Table of Contents
No more loafing around . . .
Sheriff Mitchell led Barry to the edge of the moat, and I trailed along behind. The firefighters moved aside, clearing our view of the muddy bottom.
The beams of heavy-duty flashlights cut through the mist in the moat. The reflected light cast crazy shadows, throwing the scene at the bottom into chaos.
My brain struggled to make a recognizable image from the jumble. The moat itself was a place I knew well, and I could sort out the steep sides and the temporary bridge.
But the bottom didn’t look right. As I looked harder I saw three paramedics, the reflective tape on their brown jackets spelling out “Clackamas Fire.”
The fog shifted and I got a brief clear look at the scene below.
I don’t know what I expected to see. But I didn’t expect to see a pair of hand-stitched Italian loafers motionless at the bottom of the moat.
Their owner lay partway under the temporary bridge, his upper body hidden by the piers and planks. But I knew those shoes . . .
Berkley Prime Crime titles by Christy Evans
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A Berkley Prime Crime Book / published by arrangement with Tekno Books
Berkley Prime Crime mass-market edition / April 2010
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This one is for my mother,
and for Steve,
whose love and support makes everything possible.
The list is long, and my memory is short, but I want to thank everyone who helped make this book a reality:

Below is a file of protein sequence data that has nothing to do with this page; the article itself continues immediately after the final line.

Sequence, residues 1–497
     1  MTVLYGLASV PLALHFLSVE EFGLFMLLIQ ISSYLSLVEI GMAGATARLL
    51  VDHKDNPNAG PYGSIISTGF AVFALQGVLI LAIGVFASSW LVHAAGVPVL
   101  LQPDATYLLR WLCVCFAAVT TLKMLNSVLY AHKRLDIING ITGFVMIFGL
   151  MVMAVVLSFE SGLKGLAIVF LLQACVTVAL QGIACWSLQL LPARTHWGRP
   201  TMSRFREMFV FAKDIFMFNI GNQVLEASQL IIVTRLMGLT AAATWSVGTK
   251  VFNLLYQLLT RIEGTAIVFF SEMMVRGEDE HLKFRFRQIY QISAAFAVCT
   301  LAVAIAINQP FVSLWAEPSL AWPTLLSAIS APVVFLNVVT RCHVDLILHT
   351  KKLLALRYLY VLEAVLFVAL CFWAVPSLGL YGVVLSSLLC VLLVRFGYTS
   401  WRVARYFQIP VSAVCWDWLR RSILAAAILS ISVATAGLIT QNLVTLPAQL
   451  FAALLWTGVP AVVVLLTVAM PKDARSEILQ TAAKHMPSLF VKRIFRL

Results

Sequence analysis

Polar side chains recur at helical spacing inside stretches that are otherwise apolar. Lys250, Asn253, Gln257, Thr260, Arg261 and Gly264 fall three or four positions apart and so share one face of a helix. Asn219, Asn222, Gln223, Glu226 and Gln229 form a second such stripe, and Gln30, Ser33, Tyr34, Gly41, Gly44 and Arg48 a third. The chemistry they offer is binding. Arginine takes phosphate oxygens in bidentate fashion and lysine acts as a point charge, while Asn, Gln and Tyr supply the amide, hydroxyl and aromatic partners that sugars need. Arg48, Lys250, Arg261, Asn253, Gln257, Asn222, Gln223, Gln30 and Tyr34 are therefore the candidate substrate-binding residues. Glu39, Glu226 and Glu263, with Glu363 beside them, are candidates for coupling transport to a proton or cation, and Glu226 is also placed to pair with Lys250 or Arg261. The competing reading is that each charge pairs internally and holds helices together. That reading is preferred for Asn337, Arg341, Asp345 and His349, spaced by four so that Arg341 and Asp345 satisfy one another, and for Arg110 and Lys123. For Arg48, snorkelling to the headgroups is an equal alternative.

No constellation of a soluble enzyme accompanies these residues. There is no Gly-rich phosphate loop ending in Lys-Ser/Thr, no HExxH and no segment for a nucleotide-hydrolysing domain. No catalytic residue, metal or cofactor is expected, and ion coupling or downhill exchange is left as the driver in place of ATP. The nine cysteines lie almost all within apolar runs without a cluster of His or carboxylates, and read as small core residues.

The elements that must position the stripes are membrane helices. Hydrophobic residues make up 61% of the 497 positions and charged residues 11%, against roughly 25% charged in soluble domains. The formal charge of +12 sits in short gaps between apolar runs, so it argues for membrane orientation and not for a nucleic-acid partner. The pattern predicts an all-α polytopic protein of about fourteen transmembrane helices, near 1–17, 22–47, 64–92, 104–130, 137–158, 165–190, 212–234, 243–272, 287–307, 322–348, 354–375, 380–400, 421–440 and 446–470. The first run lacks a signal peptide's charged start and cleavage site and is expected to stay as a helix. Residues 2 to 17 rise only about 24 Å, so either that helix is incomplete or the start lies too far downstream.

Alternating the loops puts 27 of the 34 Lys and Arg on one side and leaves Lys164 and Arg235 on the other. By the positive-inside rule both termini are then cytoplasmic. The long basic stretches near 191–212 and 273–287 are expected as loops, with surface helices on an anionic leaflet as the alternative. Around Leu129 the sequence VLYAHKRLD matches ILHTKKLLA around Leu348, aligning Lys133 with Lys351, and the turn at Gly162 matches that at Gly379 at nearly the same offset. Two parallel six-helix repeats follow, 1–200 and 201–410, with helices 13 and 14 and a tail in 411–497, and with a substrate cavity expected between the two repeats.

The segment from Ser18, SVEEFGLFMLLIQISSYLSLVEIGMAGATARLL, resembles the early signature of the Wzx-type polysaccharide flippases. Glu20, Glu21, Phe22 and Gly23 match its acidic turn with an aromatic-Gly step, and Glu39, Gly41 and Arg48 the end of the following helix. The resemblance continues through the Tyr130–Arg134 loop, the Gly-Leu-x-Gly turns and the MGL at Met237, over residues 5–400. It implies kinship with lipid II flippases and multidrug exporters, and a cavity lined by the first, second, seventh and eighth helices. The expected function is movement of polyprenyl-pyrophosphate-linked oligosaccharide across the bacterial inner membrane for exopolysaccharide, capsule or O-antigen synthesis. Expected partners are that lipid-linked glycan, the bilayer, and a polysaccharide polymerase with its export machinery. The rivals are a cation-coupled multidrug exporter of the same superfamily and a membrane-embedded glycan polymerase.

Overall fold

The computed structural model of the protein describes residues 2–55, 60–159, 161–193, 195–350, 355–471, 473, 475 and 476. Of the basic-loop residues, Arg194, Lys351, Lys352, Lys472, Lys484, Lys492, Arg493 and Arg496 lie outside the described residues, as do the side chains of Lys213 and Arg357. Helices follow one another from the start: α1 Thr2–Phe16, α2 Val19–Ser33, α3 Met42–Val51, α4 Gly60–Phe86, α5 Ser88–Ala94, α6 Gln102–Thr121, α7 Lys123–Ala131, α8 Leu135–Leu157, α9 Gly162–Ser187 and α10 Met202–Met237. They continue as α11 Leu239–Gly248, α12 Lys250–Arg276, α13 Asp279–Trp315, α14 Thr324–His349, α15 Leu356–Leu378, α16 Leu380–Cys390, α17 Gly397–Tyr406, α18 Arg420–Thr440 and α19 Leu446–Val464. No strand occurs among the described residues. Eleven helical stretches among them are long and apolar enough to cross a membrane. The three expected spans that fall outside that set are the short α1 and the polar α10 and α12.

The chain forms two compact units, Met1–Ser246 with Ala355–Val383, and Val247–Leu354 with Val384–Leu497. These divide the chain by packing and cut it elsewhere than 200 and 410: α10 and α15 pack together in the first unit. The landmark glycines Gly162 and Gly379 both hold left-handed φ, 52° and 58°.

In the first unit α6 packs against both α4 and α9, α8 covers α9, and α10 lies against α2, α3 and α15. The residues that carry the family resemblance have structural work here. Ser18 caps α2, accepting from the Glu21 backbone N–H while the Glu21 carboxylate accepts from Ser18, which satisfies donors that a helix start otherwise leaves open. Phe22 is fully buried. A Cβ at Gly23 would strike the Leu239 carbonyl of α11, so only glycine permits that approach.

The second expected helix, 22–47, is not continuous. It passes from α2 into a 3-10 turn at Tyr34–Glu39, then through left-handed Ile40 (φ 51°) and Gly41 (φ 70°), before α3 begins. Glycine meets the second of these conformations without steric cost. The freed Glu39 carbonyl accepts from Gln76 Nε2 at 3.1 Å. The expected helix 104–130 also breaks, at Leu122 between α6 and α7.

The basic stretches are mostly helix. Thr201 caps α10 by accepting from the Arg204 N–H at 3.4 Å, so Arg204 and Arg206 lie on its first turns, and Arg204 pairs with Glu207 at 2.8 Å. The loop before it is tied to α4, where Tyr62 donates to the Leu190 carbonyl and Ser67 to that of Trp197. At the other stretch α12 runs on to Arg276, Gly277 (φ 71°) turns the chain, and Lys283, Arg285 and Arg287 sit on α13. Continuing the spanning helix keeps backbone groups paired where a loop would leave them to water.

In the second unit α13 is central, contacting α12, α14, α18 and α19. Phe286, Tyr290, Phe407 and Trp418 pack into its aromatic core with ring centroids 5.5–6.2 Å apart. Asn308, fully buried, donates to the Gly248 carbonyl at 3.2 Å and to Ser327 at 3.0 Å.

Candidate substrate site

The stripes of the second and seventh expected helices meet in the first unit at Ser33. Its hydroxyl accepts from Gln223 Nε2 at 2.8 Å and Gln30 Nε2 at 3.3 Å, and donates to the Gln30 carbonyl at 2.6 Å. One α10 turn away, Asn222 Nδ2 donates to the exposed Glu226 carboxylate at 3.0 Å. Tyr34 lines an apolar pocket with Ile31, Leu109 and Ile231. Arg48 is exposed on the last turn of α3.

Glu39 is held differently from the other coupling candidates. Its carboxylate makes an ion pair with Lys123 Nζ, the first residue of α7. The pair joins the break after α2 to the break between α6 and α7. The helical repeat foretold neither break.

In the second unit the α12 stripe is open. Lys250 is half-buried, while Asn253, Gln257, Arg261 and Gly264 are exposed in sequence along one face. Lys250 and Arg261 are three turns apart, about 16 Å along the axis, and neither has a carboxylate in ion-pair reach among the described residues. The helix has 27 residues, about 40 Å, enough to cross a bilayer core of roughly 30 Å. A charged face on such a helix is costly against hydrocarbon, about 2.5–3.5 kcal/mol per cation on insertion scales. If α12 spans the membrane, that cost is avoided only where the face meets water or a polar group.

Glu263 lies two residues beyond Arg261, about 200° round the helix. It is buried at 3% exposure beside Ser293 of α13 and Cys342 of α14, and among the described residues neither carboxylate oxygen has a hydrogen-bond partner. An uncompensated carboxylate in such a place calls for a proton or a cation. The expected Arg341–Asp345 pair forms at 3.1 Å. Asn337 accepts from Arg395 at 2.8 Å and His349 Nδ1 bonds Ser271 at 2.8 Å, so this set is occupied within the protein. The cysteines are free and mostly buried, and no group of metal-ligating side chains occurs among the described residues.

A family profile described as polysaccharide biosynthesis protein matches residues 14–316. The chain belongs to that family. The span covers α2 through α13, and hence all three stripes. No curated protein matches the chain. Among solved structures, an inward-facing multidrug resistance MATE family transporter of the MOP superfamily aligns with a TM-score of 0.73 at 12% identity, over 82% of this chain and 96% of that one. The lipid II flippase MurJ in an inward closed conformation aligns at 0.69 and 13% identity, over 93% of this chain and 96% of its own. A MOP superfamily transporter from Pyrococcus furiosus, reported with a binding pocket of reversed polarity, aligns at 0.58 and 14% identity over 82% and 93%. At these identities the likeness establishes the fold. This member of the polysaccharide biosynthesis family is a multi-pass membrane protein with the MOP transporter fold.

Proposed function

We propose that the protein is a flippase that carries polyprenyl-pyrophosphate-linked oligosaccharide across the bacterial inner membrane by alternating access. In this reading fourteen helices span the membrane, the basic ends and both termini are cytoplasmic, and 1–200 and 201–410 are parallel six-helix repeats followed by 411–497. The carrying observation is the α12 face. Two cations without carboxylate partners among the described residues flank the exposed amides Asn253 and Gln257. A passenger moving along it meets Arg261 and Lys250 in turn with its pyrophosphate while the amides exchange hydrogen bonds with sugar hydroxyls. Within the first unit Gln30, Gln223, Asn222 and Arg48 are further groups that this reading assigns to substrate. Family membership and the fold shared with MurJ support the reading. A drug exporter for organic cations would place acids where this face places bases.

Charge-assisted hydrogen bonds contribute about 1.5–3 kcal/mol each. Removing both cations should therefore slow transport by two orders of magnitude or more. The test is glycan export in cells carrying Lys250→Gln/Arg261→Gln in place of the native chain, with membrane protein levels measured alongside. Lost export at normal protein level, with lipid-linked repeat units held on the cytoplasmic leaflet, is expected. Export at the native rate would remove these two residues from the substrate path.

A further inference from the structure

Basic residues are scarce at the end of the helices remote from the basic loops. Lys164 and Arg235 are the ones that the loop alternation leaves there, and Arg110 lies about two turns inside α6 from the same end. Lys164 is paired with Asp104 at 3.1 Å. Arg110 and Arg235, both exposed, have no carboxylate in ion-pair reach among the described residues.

Colleen, friend and first reader;
Denise and Michelle, fabulous editors;
Kris and Dean, mentors and friends who are there to talk me off the ledge when necessary;
Sheldon McArthur, the Yoda of crime fiction, and bookseller guru;
Jim, the “day job” boss who actually “gets it”;
Pat and Shane, who trusted me enough to let me practice on their new vanity;
All my OWN buddies, for being a cheering section;
Especially to Cindie, for the coolest wrench ever;
And to Steve, my husband, best friend, and biggest fan. I hope you always feel that way.
“Let’s get a move on, Neverall,” Sean Jacobs, the crew foreman, said as he gestured toward the muddy bottom of the trench. “The inspector’s due in an hour.”
Mud sucked at my boots as I slipped down the steep side of the troublesome McComb moat project, a shovel banging clumsily against my leg.
With permit hearings, never-ending inspections, and construction snafus, this job was fast becoming a plumber’s nightmare.
The drainpipe we buried last week had to be uncovered this week. As the apprentice, I got all the bottom-of-the-barrel jobs. Or in this case, bottom of the moat.
We were supposed to be done before the rain started, but this year summer limited itself to a few weeks of clear skies and temperatures in the high nineties. Now it was only October, and the Great North-wet was already living up to its nickname.
I bit back a curse as the mud squished beneath my weathered steel-toed boots. No swearing on the job. It was one of the rules my boss, Barry Hickey, insisted upon. Barry had a lot of rules.
I reached the muck at the bottom of the six-foot-deep trench and checked the marker stakes. Buried beneath fourteen inches of dirt—now mud—was the pipe in question. It had to be uncovered and inspected—again—before the concrete lining could be poured.